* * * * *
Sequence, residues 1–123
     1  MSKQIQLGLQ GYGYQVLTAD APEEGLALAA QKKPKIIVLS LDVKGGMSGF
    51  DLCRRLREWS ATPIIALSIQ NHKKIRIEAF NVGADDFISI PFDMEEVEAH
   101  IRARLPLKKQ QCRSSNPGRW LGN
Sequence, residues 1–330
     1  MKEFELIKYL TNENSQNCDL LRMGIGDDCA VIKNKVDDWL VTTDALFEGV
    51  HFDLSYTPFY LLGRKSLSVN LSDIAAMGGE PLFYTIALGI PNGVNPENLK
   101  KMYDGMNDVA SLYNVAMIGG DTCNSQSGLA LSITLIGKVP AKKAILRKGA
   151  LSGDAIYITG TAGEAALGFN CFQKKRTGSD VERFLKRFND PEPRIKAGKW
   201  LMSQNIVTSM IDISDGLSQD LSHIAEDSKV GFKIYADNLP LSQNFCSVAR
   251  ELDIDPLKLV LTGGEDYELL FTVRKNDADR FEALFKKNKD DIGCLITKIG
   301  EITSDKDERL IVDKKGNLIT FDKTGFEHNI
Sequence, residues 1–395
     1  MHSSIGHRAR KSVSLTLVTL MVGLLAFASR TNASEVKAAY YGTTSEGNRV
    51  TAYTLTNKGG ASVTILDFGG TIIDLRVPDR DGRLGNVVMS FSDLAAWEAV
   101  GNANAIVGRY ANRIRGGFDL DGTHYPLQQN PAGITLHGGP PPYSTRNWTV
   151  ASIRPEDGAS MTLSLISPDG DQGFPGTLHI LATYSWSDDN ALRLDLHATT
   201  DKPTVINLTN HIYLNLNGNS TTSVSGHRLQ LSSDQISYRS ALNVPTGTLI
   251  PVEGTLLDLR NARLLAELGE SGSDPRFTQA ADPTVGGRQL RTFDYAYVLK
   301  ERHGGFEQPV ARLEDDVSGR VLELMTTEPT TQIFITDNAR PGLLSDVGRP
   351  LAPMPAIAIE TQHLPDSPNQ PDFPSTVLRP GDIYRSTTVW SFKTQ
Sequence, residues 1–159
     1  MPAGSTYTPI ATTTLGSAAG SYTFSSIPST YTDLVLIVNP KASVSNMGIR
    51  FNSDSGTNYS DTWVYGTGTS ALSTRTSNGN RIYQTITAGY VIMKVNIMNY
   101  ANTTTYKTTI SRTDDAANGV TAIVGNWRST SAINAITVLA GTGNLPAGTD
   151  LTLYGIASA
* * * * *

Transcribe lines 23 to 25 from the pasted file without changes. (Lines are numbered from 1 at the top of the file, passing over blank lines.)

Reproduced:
     1  MPAGSTYTPI ATTTLGSAAG SYTFSSIPST YTDLVLIVNP KASVSNMGIR
    51  FNSDSGTNYS DTWVYGTGTS ALSTRTSNGN RIYQTITAGY VIMKVNIMNY
   101  ANTTTYKTTI SRTDDAANGV TAIVGNWRST SAINAITVLA GTGNLPAGTD